By The Pool (3 AM Epiphany: Point of View - Family Consciousness)
By The Pool
Every morning I sat by that pool. I would mind my business as people walked around me and sometimes bumped into me. Since I could not walk, there was nothing else for me to do. This was our pool: the pool of mercy. Healthy people dared not enter into this area; they might have caught our diseases. The ignorant fools. We sat there from dawn until dusk, from the moment our family members dropped us off until the moment they retrieved us. We weren’t allowed in the community. Nope…we just sat by the pool…waiting.
She was such a precious baby. I would rock her to sleep each night and cuddle with her each morning before I left to tend the sheep. Three years of the same routine; then my heart broke. A three-year-old should be walking, moving around at the very least. Instead, Adina just sat there and stared at the ceiling. She was so loving and vocal, but her legs would not work. In our community, our only option was to drop her off at the Pool of Mercy each morning with others who were sick, lame, mute, or otherwise stricken. Our daughter, our pride and joy, feeling discarded each day with other individuals who were forgotten for 12 hours a day. It was gut-wrenching pain to leave her. Even more, it hurt to see how many others there were. But what could I do? Though they said the spring water would heal them, I never saw anyone healed. I just obeyed the laws and brought her to the pool.
Adina…Adina. She is the most precious thing in my world. I held her within my womb for ten long months before she arrived and nearly died that night. It was painful…so painful Nahor had chosen to forget what happened. She was breech and her legs were broken during the removal process; he didn’t mean to do it. The technology available today would have prevented this from happening, but back then…well, you did what you had to do so the baby could live. We knew she would never walk, and thought perhaps the tragedy of being in what we now know as “fetal distress” would cause cognitive delays as well. But our Adina…she is a fighter. She is the most intelligent lady I know. It pained me each morning to see Nahor wrap her up and take her to that pool. The Pool of Mercy….hmph. Every day for 30 years, he took her to that pool and dropped her to spend her day with invalids and lepers. In our community, our sick or disabled relatives were not allowed to mingle with “regular” society. They had to be kept outside the gates at the pool. After much fighting, we were able to get the king to agree to have them sleep in our homes, but we had to disinfect it every morning so no one caught the illnesses. Catching broken bones…who ever heard of such a thing? Since Nahor wouldn’t recall the events of Adina’s birth, everyone considered it a mysterious illness that was deteriorating her legs. The doctors said there is no explanation for her illness so it must have been a plague. A plague. My heart still breaks for the pain she must have felt sitting there each day alone within the crowd.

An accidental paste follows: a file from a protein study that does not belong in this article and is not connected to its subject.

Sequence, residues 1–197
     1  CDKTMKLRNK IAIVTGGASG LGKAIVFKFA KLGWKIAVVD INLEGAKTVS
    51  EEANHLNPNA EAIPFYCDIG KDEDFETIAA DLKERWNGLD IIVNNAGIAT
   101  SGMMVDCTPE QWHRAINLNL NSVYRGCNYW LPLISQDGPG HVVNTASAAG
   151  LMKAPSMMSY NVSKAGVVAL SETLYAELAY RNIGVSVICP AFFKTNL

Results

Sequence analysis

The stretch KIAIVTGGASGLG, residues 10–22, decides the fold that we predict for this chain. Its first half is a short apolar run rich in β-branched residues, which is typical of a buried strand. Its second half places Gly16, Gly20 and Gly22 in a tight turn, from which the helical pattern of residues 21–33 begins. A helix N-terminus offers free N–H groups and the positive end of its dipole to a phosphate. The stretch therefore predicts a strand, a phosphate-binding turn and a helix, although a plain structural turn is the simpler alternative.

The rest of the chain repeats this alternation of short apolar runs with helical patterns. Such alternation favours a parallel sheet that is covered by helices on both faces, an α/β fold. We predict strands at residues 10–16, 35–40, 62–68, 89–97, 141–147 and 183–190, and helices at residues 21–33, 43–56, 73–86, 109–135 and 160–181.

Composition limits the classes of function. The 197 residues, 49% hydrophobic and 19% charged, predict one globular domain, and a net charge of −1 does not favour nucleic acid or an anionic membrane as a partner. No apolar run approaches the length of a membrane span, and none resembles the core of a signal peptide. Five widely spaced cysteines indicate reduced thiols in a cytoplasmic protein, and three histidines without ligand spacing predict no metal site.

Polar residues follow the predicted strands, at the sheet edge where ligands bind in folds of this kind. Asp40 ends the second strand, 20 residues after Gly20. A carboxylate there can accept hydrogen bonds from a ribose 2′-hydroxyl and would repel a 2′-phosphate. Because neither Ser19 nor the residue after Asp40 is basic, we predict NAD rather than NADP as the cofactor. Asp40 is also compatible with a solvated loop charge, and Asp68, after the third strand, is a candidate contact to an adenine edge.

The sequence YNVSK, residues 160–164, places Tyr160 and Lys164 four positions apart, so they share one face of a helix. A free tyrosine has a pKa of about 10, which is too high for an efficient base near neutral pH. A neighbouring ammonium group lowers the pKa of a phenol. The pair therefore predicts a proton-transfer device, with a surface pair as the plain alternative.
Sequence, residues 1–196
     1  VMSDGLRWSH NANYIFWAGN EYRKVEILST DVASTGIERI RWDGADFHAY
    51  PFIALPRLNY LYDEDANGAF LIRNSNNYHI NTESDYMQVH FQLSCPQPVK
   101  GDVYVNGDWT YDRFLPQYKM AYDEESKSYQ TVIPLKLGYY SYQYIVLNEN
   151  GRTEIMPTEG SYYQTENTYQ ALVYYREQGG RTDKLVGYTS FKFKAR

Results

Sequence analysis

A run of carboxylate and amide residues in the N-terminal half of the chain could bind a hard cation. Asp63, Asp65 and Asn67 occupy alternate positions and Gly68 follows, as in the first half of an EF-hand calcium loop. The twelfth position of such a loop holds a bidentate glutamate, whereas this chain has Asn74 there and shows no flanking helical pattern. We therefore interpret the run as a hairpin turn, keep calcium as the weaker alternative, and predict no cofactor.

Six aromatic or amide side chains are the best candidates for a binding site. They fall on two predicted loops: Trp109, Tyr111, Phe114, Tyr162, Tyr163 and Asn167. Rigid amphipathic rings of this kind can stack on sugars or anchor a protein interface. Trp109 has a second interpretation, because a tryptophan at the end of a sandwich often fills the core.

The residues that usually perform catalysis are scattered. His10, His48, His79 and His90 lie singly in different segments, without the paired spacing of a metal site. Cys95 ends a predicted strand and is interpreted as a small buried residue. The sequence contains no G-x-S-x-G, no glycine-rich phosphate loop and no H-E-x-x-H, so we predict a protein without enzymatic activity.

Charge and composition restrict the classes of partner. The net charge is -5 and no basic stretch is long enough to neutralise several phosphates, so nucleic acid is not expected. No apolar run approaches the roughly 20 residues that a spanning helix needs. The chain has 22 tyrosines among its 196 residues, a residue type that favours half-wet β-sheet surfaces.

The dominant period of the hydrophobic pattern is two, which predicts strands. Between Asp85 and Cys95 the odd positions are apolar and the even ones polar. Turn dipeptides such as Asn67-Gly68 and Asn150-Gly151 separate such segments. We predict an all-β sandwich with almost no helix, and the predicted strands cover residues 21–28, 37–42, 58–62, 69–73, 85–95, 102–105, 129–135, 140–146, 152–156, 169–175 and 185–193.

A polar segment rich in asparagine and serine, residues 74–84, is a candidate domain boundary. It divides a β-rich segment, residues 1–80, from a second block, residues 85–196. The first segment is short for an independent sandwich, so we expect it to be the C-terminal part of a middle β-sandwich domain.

I don’t hate my parents for what they did. They didn’t have a choice. We lived in a horrible community that was ignorant to what truly caused various diseases. I improved mentally and emotionally by sitting on the side of the pool. I think that is why I became so comfortable there. I was able to sit among others who were hurt inside. Their outside appearance defined them to others; and their true identities were never seen. I often think back to those days and laugh over how silly it was to be discarded like that and how we reacted to one another. Like the time one of the lepers was wading in the water, hoping to be healed of the sores on her body…oh boy did that not fly over so well with the others. Who was she to go into the water with all those sores on her body? Or the lady who had been bleeding for years and came to receive her healing…how the men were so disgusted with her. Lepers avoiding her. She avoiding invalids. All of them just agonizing over how to not become sicker since the water was not healing us as it should have been. Why are these good memories? Because I learned to love people for who they were inside not what they looked like outside. I learned to look beyond people’s masks and see their souls. So many beautiful people sat there…like the man who had been there every day for 38 years, crutches by his side, hoping that one day would be his lucky day.
I still remember the day Adina came home talking about how one of the women at the pool told her about this Jesus fellow. Jesus? She told Adina, our sweet Jewish princess, that the Messiah had arrived and that his name was Yeshua. I told Adina quickly to avoid listening to such nonsense. We knew that this man was not who she claimed to be. But then a few days later she came home saying that the woman had dared walk into the city and touched the hem of that man’s garment. She was healed instantly. Even more, Adina told us, she went back to the pool to tell of them. I did not know if that was cruel humor or if she truly believed she was healed. I have seen the woman in town and the king’s men have yet to pull her out of the community. Could it be? Could there really be a healing for my little girl?
I saw the man walking through town…so many people crowded around him, yelling things, praising him, falling at his feet. That is when I noticed a young woman crawling through the crowd. She looked familiar…but how would I know such a woman? She was dirty. She was covered in blood from her waist down. She was unclean. She belonged at the pool. Yes…that is what I thought of this woman…that she belonged at the pool with my daughter. My precious Adina, had I truly thought of her as an unclean being? What was wrong with me? As I processed this in my mind, I continued to watch as this woman crawled her way through the crowd and reached out to touch the man’s garment. He turned instantly and stopped the crowd. “Who touched me?” He asked. The woman stood and said it was she who had touched him. What happened next blew my mind. “Woman, your faith has made you whole.” The man just looked at her and loved her. She walked away with her head high instead of crawling out of the crowd. Oh the crowd got angry. I returned home, trying to process what I had just witnessed. Surely this man could not truly be the Messiah that we have been told about? Right?